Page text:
In Lebanon, Christians and Muslims are equal partners. The constitution is the only one in the Arab world that does not prescribe a state religion and expressly guarantees religious freedom. Institutional reforms put an end to the political preponderance of Christians and thus took account of the demographic development in favor of the Muslim population. Decentralization and new institutions, such as a constitutional court, should open up new opportunities for participation and thus reduce the fear of marginalization that exists on all sides.
However, the majority of the reforms - with the exception of the changed proportional formula between the denominations - were never implemented. Traditional political leaders, as well as former warlords, showed no interest in giving up their power base. Until 2005, Syria, as the occupying and guaranteeing power of the Taif Agreement, practiced the "divide-and-rule" strategy in order to maintain the status quo. Syrian secret services controlled Lebanese politics and large parts of the state apparatus for 15 years. Widely ramified networks of organized corruption formed under their protection. After the Syrian withdrawal, the polarization between the two camps quickly undone the emerging reforms.
History of the conflictIn the 19th century, competing European and regional powers took advantage of the collapse of the Ottoman Empire to gain influence in the eastern Mediterranean through alliances with local elites. The local elites relied on the loyalty of their religious community in the political and social conflicts triggered by colonization and modernization. Tensions arose between the Druze and Christians, especially in the central mountain region of Lebanon. Between 1840 and 1860 these escalated into armed conflicts and pogroms against Christians. Following the intervention of European powers, limited autonomy was then established within the Ottoman Empire, in which the principle of proportional representation of the six religious communities was applied for the first time.
The contacts to European powers and markets favored the social advancement of the Christian population. At the end of the First World War, the Catholic Maronites in particular strived for the formation of an independent, Christian-dominated Lebanon. They found support from their traditional protective power, France, which controlled the former Ottoman province of Syria as a mandate power on behalf of the League of Nations. Many Muslims initially rejected the new state founded in 1920 and pleaded for remaining with Syria or for a pan-Arab unitary state. It was not until the anti-colonial liberation struggle of the 1940s that Christian and Muslim politicians and parties came to a compromise that provided for the division of political power between Christians and Muslims and the obligation to Lebanon as an independent nation.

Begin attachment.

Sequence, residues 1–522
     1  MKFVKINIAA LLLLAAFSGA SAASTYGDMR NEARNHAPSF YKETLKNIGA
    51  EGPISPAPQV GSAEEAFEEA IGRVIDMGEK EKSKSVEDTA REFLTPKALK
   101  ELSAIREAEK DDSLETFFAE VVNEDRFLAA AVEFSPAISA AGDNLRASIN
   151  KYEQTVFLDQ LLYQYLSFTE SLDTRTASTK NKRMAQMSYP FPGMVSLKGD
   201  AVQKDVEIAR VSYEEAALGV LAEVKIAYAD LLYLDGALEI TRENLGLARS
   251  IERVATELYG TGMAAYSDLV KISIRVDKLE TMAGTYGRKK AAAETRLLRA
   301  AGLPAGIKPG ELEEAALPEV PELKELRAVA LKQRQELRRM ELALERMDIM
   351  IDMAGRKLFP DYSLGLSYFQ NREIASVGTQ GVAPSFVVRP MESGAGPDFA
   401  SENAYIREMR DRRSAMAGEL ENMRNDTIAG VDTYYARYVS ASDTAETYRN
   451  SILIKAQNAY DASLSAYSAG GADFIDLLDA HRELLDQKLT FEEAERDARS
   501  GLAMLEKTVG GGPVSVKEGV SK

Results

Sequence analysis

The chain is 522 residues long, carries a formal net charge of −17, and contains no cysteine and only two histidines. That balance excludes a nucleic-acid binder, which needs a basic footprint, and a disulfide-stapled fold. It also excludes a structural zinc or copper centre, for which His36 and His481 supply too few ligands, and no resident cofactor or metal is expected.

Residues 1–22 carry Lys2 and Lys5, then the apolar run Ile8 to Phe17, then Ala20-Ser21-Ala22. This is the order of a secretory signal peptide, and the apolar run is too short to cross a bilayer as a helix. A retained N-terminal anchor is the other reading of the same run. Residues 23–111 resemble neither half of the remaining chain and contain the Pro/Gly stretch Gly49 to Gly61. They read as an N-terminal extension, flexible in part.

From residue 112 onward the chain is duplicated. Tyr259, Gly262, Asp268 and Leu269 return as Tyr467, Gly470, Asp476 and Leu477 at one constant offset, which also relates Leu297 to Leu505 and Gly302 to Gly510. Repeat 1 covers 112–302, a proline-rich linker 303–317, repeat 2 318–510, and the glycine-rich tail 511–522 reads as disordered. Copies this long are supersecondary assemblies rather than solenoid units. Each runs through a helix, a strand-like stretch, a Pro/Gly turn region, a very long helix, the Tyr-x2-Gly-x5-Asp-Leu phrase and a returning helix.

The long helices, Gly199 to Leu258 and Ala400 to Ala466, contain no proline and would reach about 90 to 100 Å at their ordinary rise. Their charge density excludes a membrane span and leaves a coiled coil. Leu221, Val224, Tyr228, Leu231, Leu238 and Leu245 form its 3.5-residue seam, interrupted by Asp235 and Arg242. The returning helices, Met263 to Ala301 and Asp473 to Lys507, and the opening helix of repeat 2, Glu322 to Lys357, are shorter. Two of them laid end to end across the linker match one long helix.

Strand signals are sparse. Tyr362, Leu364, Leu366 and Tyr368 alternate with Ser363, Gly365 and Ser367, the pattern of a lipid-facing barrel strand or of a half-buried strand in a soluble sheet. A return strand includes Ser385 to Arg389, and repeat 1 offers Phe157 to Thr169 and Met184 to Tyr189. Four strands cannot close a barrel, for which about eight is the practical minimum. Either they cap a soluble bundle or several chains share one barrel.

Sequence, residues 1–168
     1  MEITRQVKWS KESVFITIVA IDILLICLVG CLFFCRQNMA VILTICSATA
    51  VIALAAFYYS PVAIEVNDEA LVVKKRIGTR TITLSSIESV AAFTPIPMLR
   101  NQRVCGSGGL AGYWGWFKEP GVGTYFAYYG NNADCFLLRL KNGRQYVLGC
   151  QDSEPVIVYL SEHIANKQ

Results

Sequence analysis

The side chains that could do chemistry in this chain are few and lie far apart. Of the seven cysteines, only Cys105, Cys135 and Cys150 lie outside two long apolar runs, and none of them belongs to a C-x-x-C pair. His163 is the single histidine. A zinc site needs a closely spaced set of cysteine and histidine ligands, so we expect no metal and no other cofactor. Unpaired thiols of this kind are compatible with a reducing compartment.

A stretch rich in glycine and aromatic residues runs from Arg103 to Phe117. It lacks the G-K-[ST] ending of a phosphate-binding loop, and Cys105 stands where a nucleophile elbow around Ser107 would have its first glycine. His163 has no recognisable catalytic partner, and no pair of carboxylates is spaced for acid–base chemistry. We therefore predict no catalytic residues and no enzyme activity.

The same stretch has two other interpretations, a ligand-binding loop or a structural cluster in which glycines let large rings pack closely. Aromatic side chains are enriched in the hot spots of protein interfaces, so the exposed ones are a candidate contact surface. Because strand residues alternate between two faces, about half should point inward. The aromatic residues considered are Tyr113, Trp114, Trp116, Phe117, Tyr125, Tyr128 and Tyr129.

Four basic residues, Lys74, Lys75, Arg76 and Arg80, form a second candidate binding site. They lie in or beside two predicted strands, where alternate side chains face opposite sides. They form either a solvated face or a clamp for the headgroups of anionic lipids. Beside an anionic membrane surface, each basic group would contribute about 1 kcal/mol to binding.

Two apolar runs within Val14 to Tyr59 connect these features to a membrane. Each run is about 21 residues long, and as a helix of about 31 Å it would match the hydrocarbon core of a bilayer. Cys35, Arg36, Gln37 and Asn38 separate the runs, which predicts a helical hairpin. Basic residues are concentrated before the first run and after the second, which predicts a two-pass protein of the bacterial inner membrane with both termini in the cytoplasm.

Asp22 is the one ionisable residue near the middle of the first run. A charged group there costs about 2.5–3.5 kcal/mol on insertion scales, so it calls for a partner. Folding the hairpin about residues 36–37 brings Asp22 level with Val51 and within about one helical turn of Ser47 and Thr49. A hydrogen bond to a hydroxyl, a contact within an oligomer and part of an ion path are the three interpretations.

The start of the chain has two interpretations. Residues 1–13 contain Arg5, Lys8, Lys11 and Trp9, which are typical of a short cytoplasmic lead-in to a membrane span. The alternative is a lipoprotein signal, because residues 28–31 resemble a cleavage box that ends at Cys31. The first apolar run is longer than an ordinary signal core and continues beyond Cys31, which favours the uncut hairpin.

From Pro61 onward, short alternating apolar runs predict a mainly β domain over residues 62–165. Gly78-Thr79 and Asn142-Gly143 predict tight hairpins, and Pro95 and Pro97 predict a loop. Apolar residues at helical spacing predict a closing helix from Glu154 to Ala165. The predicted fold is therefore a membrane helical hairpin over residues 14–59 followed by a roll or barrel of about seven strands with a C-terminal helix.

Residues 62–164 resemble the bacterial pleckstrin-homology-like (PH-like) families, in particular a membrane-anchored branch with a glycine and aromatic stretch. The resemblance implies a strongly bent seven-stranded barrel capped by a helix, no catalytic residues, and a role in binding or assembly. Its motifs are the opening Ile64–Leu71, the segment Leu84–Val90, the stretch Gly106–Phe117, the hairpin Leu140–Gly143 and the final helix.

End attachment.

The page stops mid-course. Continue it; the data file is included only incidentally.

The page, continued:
The rivalry for power in the state continued afterwards. While the Lebanese Christians hoped to secure their privileged position through alliances with non-Arab powers (above all France, USA and Israel), the Lebanese Muslims tried to embed themselves closely in the Arab-Muslim region. In order to neutralize the predominance of Christians, they formed an alliance with the PLO in the early 1970s, which had strong support in the Palestinian refugee camps in Lebanon. 15 years of civil war were the result.
The Taif peace agreement (October 22, 1989) could only come into force after the failure of the "war of national liberation" against Syria, which was declared by the Christian-Maronite general and head of government, Michel Aoun, in March 1989. Aoun's armed forces were defeated by the Syrian army in October 1990. As the occupying and guaranteeing power of the agreement, Syria obliged the changing Lebanese governments to support its hostile attitude towards Israel and the USA. After the Syrian withdrawal in 2005, the Lebanese Sunnis and some of the Christians advocated close adherence to the then "pro-Western" (and predominantly Sunni) Arab states such as Egypt and Saudi Arabia. The Shiites, on the other hand, stuck to the position of "resistance" against Israel and the USA, represented by Syria and Iran. This position was also supported by some of the Christians.
Fueled by the war between Israel and Hezbollah in the summer of 2006, the conflict between the two camps led to a chronic constitutional crisis in the country. Political offices remained vacant, institutions were impaired in their function or paralyzed. The political crisis escalated in May 2008 and led to several days of fighting between supporters of the government and the opposition. Armed supporters of the Shiite parties Hezbollah and Amal occupied large parts of the capital Beirut; more than a hundred people died. At the mediation of Arab states, a "government of national unity" was formed in 2008/2009 and the conflict was temporarily defused.
The events of the Arab uprisings (2011) also led to demonstrations against the ruling political system in Lebanon. However, these were quickly appropriated by Hezbollah and its allies for their own political ends and soon came to a standstill.
literaturePerthes, Volker (2016): The End of the Middle East as We Know It - An Essay. bpb series of publications Volume 1702, Bonn.
LeftCountry information on Lebanon from Transparency International
Report on Saad al-Hariri's resignation
Report on the replacement of the presidential post in Lebanon
Lebanon in the regional structure